By Chris Adams
The U.S. may lead the world in wealth, military power and Olympic medals. But there’s one area it sorely lags: health outcomes.
Consider the ranking of deaths from non-communicable diseases among the U.S. and its peer nations. Japan comes out on top, with a death rate of 273 per 100,000 people.
The U.S. is 17th, with a rate of 418; it’s behind Portugal, Germany and the United Kingdom.
Why? That’s the focus of research by Dr. Sandro Galea, dean of the Boston University School of Public Health. His book on the subject, “Healthier: Fifty Thoughts on the Foundations of Population Health,” is out in July 2017 (Oxford University Press, Amazon).
In a session with National Press Foundation fellows, Galea described some of the most compelling – and disturbing – statistical findings that put the U.S. public health system in context.
Life expectancy among women in the U.S., for example, used to rank in the middle of the pack among a group of 21 other high-income countries. That was in 1980; the U.S. has inched up since then – but other countries have risen faster, so the U.S.’s relative position has dropped.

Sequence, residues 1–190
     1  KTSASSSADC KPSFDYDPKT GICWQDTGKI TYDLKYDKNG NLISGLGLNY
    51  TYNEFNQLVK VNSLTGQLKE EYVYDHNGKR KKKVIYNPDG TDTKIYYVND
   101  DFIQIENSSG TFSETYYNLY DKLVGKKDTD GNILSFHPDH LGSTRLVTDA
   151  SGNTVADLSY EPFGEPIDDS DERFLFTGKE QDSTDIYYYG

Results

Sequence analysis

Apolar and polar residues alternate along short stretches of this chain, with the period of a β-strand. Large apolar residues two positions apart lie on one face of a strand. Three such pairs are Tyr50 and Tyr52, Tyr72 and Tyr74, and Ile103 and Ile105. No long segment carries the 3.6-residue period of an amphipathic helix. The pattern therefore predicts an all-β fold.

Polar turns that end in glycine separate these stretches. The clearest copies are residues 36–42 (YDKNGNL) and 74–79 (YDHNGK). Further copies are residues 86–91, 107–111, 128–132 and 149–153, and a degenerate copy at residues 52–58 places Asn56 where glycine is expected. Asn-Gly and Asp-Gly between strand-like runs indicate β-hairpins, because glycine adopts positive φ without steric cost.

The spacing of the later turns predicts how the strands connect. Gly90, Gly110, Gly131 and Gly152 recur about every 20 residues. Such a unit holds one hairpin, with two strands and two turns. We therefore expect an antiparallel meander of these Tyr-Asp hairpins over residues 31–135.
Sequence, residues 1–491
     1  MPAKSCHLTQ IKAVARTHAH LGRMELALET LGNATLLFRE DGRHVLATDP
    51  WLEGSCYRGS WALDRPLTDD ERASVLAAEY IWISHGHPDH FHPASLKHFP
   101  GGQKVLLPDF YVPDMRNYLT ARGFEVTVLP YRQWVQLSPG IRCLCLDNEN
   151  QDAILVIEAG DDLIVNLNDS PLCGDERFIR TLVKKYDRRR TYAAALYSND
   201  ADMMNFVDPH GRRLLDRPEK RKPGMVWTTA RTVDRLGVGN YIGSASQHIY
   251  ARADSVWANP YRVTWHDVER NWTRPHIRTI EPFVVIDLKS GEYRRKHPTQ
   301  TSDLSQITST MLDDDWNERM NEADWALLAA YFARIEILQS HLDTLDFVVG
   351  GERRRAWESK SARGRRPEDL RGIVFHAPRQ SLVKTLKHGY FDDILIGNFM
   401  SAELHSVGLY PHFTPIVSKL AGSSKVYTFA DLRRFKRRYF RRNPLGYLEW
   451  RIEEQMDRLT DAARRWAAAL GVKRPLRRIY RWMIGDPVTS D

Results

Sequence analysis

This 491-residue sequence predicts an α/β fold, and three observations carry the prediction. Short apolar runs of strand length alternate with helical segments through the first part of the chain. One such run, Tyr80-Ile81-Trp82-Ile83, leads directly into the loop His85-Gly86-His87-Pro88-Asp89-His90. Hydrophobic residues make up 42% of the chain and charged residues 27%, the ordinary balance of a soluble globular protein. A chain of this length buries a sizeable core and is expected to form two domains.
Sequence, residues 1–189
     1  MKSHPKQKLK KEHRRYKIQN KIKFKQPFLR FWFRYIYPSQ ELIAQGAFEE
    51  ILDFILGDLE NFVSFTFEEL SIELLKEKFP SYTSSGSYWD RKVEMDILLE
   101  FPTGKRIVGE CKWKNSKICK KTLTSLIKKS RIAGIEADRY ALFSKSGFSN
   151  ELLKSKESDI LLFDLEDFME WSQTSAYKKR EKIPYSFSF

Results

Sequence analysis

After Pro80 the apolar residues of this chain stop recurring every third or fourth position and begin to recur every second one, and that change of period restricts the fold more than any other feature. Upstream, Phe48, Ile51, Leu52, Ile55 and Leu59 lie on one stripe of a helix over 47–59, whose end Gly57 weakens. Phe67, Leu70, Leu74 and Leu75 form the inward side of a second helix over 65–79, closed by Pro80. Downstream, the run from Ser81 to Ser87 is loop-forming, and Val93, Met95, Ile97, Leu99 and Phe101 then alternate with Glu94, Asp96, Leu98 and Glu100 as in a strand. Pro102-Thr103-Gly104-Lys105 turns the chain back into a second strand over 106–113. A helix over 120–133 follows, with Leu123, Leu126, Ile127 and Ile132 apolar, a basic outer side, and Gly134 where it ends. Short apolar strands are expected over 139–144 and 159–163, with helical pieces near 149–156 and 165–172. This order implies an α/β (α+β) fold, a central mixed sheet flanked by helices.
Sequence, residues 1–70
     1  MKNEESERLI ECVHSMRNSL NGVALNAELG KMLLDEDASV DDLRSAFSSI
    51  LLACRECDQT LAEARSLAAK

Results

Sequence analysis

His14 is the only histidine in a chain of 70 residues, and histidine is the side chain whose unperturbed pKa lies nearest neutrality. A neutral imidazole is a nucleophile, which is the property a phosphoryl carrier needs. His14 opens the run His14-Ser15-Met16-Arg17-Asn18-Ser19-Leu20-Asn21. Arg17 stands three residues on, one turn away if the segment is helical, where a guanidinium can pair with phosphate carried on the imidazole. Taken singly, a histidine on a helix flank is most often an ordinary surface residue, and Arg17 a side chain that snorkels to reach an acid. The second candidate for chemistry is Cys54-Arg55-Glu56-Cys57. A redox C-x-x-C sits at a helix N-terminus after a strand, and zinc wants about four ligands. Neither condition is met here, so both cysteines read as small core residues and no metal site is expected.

“Over the course of the last 35 years, we have drifted to the bottom,” he said.
On a county-by-county ranking in the U.S., the gap in life expectancy can be 20 years.
And it’s not from a lack of spending money on health, Galea said. The U.S. spends more – and that spending is rising faster – than in other countries.
He showed a chart of adults with diabetes by T stop (the T is the Boston area subway system). In a measure of how health care varies widely by neighborhood, often in conjunction with poverty, the diabetes rates went from 2 percent to 11 percent.
And he showed that, according to the data on national health expenditures, medical services only play a small role in people’s overall health – but they get nearly 90 percent of the spending.